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CHAPTER X.

THE COLONY OF MASSACHUSETTS BAY.

IN 1628 some persons in England obtained from the Council for New England a grant of land The Incorporated extending from three miles north of the Company. River Merrimack to three miles south of the Charles, and from ocean to ocean. The next year, these persons with others, being Puritans or favorably disposed toward Puritanism, and many of them men of influence at court, received a charter from the king, incorporating them under the title, “ The Governor and Company of the Massachusetts Bay in New England." Their object was to found a colony where non-conforming Puritans could live and worship unmolested.

The charter empowered the company to choose its' own officers, to admit new members, to

Powers. hold land and other property in England and America, especially the territory in New England included in the previous grant, to transport settlers, to make all rules for managing the company affairs, and to provide for governing and protecting its colonists.

The administration of company business was to be in the hands of a governor, deputy governor,

Government. and eighteen assistants, chosen annually by the whole body of freemen or members. Four times a

year, there was to be “a great, general, and solemn assembly” of the company, called “the Great and General Court,” at which new members should be admitted, laws made for the government of the company and colony, and, once a year, officers chosen.

The company sent out a few settlers to Salem ; but Transfe of while its meetings were held in England, Charter. the colonists, though members of it, had no voice in its management. Men of character and influence were unwilling thus to deprive themselves of the privilege of self-government, and would not emigrate. To remove this objection, it was soon decided to transfer the charter to New England ; and a large body of settlers immediately came over, locating themselves in Boston and vicinity about 1630. The effect of the change was, to give the control of the colony to those settlers who were members of the company. The others had no more voice than before. But the company had changed to a body politic. To be a freeman of the company was to be a citizen; and thus, as new members were admitted from time to time, the colony came to be self-governing under the protection of the company charter. Very early it was enacted that no person could become a freeman unless he were a member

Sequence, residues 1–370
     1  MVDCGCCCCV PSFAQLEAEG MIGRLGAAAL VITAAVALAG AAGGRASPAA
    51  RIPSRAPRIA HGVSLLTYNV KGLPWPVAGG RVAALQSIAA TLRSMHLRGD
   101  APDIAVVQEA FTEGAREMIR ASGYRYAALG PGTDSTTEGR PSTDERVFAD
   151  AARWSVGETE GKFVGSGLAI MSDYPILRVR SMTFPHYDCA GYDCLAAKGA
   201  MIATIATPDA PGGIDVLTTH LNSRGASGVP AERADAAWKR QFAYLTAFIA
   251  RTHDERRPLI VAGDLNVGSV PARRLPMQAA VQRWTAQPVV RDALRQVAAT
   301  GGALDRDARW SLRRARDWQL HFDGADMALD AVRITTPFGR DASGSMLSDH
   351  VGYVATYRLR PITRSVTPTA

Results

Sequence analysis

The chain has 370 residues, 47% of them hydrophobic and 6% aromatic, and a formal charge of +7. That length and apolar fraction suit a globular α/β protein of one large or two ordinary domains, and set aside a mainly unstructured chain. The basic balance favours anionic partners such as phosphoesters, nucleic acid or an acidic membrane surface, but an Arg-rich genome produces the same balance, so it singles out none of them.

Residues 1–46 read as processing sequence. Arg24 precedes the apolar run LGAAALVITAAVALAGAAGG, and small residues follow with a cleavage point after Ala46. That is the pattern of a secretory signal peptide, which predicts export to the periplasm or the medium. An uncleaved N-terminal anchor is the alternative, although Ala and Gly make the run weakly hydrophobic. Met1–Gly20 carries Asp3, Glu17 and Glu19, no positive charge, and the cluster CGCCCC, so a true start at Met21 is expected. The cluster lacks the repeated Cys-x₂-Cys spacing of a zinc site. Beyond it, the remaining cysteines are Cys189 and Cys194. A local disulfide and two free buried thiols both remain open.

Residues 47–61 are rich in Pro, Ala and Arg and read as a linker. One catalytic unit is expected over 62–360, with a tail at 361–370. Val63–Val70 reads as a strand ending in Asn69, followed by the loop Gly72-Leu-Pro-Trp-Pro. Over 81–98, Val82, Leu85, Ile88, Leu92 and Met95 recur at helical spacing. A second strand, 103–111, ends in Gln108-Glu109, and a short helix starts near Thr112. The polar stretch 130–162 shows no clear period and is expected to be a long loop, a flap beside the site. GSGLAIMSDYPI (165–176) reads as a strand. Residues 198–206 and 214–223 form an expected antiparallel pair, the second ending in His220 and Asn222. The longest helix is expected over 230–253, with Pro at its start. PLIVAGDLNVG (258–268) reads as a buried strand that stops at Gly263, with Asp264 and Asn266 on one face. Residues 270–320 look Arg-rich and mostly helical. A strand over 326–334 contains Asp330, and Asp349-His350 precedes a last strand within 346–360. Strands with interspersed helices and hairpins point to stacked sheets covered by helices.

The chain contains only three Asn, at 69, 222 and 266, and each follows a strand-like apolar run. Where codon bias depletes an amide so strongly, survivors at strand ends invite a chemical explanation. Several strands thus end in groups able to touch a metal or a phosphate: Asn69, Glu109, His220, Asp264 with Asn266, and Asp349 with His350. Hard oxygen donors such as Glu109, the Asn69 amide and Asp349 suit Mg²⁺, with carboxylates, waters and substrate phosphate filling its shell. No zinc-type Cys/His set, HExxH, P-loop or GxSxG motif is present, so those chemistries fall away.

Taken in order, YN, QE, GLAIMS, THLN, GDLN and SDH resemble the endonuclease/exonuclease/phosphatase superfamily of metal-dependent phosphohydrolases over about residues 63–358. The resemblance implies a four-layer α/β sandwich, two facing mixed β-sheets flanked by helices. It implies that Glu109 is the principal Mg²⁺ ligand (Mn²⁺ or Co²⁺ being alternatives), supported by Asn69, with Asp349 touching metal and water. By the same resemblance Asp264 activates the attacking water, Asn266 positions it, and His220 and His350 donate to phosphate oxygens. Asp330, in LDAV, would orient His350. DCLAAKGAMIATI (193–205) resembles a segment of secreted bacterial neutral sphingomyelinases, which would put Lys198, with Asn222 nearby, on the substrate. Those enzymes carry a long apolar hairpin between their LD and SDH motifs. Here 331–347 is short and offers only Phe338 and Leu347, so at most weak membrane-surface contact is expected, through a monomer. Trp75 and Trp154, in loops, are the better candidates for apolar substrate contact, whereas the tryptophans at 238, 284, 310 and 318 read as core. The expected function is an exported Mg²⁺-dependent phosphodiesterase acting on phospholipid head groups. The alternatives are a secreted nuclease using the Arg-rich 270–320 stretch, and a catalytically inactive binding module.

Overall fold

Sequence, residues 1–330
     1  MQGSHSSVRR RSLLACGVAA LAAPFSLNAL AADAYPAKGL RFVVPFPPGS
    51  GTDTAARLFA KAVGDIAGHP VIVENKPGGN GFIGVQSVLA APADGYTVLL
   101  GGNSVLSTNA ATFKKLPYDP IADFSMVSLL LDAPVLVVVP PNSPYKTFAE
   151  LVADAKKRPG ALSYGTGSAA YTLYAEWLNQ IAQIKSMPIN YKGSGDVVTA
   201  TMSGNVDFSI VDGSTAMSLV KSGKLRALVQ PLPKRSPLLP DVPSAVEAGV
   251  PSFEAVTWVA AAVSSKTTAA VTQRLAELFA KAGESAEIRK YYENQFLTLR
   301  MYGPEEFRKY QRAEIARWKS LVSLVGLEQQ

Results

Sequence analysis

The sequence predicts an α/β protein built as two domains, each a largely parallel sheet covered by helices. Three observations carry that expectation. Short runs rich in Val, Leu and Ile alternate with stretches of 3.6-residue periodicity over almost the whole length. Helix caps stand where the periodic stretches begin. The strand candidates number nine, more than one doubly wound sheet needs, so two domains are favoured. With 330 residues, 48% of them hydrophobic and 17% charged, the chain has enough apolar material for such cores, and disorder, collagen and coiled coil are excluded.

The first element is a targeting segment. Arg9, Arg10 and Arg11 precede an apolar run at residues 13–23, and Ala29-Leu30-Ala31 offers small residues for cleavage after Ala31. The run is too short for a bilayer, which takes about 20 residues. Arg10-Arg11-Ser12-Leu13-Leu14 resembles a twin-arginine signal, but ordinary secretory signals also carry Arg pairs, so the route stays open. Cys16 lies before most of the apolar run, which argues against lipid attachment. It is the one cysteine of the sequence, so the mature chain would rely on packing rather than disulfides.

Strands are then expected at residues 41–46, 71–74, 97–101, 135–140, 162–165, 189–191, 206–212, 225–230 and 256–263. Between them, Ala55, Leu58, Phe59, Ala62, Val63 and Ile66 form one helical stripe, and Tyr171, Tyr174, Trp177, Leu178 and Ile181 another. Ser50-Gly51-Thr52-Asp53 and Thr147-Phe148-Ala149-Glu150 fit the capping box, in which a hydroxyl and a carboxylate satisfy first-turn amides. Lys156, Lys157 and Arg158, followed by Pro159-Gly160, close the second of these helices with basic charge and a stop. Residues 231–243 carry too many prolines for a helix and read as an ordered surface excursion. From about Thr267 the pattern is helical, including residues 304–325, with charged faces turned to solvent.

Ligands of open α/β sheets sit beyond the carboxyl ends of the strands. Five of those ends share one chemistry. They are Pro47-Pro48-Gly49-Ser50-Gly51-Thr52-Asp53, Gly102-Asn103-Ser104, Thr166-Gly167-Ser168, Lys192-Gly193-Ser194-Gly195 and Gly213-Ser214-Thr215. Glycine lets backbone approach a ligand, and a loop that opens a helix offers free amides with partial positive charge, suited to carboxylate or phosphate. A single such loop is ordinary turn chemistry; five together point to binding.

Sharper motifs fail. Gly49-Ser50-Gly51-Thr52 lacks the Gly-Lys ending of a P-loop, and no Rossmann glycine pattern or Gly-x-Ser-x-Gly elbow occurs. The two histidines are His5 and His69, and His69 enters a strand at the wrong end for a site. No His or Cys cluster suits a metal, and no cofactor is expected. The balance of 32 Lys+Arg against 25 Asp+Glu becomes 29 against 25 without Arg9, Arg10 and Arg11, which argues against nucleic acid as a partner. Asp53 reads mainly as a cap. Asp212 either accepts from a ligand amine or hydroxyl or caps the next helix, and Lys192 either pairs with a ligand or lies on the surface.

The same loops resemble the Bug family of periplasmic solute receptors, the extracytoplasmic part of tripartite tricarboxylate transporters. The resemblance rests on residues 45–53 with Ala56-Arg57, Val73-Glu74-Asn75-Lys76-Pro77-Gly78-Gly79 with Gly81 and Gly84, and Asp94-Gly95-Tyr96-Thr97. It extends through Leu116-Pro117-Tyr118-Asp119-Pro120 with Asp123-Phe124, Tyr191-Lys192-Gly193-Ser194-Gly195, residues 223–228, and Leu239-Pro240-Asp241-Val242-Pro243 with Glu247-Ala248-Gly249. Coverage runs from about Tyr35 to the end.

of some church within the colony; and

this provision remained in force until 1664. The administration of government, both executive and

judicial, was intrusted to the governor and Government.

We assistants, sometimes called magistrates, who held monthly meetings called Assistants' Courts. The whole company in its general courts, held somewhat irregularly, chose officers, made laws, and attended to some judicial business. The records show

reemen.

that at first the functions were not very clearly defined.

In 1634 the towns sent deputies to act with the magistrates; and for ten years these two

Representatives. bodies, sitting together but voting separately, formed the General Court for legislative business. No law could be enacted without a majority vote of both bodies, each having what is called a “negative” upon the other. In 1644 the two bodies were separated ; and thus the General Court was constituted for forty years. At first the whole people met for election : afterward they met in their towns and voted, and sent their votes by their deputies to be counted by the General Court.

Judicial business, as has been said, was conducted both by the Court of Assistants and by the General Court. Very early the magistrates performed the functions of justices of the peace, though without the title. Soon four quarterly courts were established at Ipswich, Salem, Cambridge, and Boston, to be held by the resident magistrates, and persons appointed by the General Court to act with them; and a quarterly court at Boston by all the magistrates. Next, in each town, a magistrate, or some person appointed for the purpose, was empowered to try cases involving less than twenty shillings. In 1643 four counties were organized for the more complete administration of justice.